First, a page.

The sweat lodge is a re-enactment of a return to our mother womb-like experience, which is the cleaning of the body, mind and spirit. People remove all accessories like watches, rings, and glasses, to remember that we came into this world without material possessions. It is a time of sharing our problems with other people and praying for the needs of our innermost self. Then after the rounds we re-enter creation reborn with New Hope and a changed attitude.
The sweat lodge has been amongst our people long before the churches were built on our Reserves. This is where our people went to pray and come in contact with a Higher Power or Creator.
There are four rounds to each ceremony. Four rounds in honor of four grandparents or four directions. Six Colors are used in the sweat lodge ceremony.
Colour Red in honor of Red Race or First Nation people, the gift given to Red Man is the gift of vision to be able to look backwards in time or to be able to see into the future.
Colour Yellow in honour of Yellow Race or Chinese people; the gift they were given is time.
They are an ancient people in their beliefs and religion.
Colour Black in honor of Black Race or Black people; the gift they were given is reason to be able to reason with things.
Colour White in honor of White Race or White people; the gift they were given is movement, to be able to move things like jets, planes, and cars.
Colour Green in honor of Mother Earth, giver of new life to all creation, she gives life to all two legged, four legged, the one's that fly, ones that crawl, ones that swim, insects, trees, water, rocks and grass.
Colour Blue in honor of Father Sky - Creator and God/Great Spirit; the ultimate of all Universal Powers. Blue is a sacred colour.
Round 1 - in this round we honor Mother Earth, the Fire, Rocks, Water, and Steam Spirits.
Prayers of thanks said by all the participating individuals. Sacred songs are sung, people can either pray silently in your traditional language or English. We ask Mother Sweat Lodge to purify our minds, bodies, and spirits to take away all our bad feelings, hurts, anger and resentments. A sweat is a place where we can cry, pray, sing and be able to humble ourselves and cry for our people.
Round 2 - in this round we honor all sisters, because women are the backbone of First Nation people and they have the gift of bringing new life into this world. We have to remember that some of our women got caught up in alcohol and drug abuse, they get weak and need our prayers and thanks. We pray for our Mothers, Sisters, Grandmothers, Nieces, Cousins, Aunts, Elders, Pipe Carriers, Spiritual Advisors and all Sisters pray for each other. We remember all our sisters that are in institutions, jails, battered women's homes and young sisters that are in
foster homes. We ask the Creator to help them find their identities. Prayers are said and a sacred or sweat song is sung.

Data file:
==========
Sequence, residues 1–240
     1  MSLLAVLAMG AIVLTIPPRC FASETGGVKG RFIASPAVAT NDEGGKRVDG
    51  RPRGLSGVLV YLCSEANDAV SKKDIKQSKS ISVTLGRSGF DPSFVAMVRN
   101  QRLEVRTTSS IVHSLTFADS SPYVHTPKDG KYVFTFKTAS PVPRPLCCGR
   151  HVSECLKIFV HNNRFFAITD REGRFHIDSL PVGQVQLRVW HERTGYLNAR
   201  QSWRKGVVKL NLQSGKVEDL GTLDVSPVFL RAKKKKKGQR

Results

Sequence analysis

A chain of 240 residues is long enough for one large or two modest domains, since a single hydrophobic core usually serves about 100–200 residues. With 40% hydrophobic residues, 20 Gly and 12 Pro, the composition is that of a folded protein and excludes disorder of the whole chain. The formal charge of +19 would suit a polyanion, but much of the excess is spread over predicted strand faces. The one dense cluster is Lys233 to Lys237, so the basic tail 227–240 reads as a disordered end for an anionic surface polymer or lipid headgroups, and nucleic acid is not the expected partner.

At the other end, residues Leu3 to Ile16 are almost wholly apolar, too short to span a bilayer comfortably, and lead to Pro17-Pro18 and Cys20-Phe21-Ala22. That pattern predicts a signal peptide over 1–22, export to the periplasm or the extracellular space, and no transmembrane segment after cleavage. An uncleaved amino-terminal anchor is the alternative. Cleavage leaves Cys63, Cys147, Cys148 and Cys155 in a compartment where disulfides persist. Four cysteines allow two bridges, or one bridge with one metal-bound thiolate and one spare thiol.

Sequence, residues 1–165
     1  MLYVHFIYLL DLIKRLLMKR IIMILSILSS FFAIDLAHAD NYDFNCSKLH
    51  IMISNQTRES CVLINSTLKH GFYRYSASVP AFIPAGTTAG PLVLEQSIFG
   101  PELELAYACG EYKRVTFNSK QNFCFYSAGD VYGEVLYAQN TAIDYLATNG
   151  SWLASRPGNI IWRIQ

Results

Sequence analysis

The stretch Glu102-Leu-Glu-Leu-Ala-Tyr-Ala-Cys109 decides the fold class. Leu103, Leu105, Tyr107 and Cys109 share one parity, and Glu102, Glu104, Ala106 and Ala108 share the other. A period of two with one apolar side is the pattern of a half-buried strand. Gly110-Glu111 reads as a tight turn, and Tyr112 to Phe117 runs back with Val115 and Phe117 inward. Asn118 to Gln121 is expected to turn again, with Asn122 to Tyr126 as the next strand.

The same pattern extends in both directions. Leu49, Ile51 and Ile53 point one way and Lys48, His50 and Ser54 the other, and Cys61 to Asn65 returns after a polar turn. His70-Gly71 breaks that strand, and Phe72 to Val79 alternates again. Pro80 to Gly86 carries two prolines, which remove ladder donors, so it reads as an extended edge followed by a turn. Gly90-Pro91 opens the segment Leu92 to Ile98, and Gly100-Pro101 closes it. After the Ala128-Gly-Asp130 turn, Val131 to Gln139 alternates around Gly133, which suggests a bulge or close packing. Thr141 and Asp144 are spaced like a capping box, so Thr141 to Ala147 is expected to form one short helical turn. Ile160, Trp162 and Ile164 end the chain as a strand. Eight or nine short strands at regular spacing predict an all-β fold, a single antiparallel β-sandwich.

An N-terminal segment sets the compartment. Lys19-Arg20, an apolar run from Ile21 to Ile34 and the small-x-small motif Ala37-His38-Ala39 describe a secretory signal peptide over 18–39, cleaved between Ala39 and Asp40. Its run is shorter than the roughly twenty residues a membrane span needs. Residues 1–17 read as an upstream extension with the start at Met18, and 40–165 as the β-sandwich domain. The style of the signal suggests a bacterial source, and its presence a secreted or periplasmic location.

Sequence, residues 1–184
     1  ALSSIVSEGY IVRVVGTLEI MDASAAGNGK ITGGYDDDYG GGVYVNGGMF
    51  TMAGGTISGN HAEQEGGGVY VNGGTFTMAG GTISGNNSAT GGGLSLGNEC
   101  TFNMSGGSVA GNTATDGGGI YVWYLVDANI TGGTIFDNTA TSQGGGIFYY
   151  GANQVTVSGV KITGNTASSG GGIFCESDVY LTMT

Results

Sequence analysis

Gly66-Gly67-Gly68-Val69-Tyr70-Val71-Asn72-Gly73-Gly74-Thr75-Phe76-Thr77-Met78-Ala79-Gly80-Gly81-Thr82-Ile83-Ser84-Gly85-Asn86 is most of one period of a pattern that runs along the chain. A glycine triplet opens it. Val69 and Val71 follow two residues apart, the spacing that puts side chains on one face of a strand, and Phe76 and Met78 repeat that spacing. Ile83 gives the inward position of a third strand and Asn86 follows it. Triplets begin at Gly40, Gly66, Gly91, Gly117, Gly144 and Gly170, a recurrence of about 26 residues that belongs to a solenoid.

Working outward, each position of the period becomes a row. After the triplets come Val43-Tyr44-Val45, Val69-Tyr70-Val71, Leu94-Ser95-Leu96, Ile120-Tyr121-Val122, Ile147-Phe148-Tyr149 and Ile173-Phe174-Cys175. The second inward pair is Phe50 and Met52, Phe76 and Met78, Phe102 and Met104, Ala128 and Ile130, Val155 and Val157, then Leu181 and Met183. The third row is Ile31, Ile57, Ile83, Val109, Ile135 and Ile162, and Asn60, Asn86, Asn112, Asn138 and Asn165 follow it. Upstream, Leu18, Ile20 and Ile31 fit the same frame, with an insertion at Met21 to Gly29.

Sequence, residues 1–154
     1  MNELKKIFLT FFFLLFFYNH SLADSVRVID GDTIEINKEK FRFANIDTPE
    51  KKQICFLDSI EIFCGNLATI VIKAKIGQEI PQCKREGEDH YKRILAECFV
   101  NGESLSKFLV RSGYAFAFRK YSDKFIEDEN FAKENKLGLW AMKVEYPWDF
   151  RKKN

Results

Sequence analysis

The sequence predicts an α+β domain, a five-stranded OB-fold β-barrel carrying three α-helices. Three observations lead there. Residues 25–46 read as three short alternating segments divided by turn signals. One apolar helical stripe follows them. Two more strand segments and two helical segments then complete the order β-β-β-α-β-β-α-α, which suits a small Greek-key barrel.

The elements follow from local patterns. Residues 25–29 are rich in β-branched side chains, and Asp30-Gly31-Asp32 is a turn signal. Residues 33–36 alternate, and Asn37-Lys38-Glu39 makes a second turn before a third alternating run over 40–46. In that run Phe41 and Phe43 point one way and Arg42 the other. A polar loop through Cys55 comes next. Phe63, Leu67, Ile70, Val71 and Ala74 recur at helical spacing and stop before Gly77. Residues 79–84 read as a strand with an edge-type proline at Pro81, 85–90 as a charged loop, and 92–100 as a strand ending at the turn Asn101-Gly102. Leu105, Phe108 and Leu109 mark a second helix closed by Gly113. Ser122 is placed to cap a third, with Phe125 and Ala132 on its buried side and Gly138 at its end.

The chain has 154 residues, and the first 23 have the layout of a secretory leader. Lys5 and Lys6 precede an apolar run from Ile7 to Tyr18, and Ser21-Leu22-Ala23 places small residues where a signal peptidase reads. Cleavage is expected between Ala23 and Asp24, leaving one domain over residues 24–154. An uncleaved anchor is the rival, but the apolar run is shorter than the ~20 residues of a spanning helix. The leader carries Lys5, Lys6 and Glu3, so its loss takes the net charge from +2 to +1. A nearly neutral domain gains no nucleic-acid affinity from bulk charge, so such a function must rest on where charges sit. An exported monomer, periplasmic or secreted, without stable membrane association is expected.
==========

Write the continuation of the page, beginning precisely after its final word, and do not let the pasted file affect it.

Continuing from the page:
Round 3 -in this round we honor all our Brothers. We remember our Fathers, Grandfathers, Uncles, Nephews, Cousins, Elders, Spiritual Advisors, Medicine People, Pipe Carriers, and if any of the above are in the Spirit world we still pray for them that their spirits are set free by their loved ones. We remember all our brothers in jails, institutions, jungles and skid row.
We ask the Creator to forgive us and for our wrong doings, we humble ourselves and cry for our people. Sacred sweat lodge songs are sung.
Round 4 -in this round we honor ourselves now that we have prayed for everyone else. We ask the Creator to help us with our daily living problems and to work on our character defects. We can use any amount of rocks that we want.
The Native Sweat lodge.... A Spiritual Tradition
The Sweat Lodge Ceremony, now central to most Native American cultures and spiritual life, is an adaptation of the sweat bath common to many ethnic cultures found in North and South America, Asia, Eastern and Western Europe, and Africa.
It was prompted by the influence of European culture with its corrupting effect on native culture. With the introduction of alcohol and the inhumane treatment of native people, the need to re-purify themselves and find their way back to traditional ways of living became evident, as they were becoming increasingly poisoned by European culture. The Sweat Lodge Ceremony was the answer.
With the help of Medicine Men and Women, they could repair the damage done to their spirits, their minds and their bodies. The Sweat Lodge is a place of spiritual refuge and mental and physical healing, a place to get answers and guidance by asking spiritual entities, totem helpers, the Creator and Mother Earth for the needed wisdom and power.
A traditional Sweat Lodge is a wickiup made up of slender withes of aspen or willow, or other supple saplings, lashed together with raw hide, or grass or root cordage, although in some areas the lodge was constructed of whatever materials were at hand, from a mud roofed pit house to a cedar bark and plank lodge. The ends of the withes are set into the ground in a circle, approximately 10 feet in diameter, although there is no set size for a Sweat Lodge. That is determined by the location, materials available and the builder. The withes are bent over and lashed to form a low domed framework approximately 4 - 5 feet high at the center.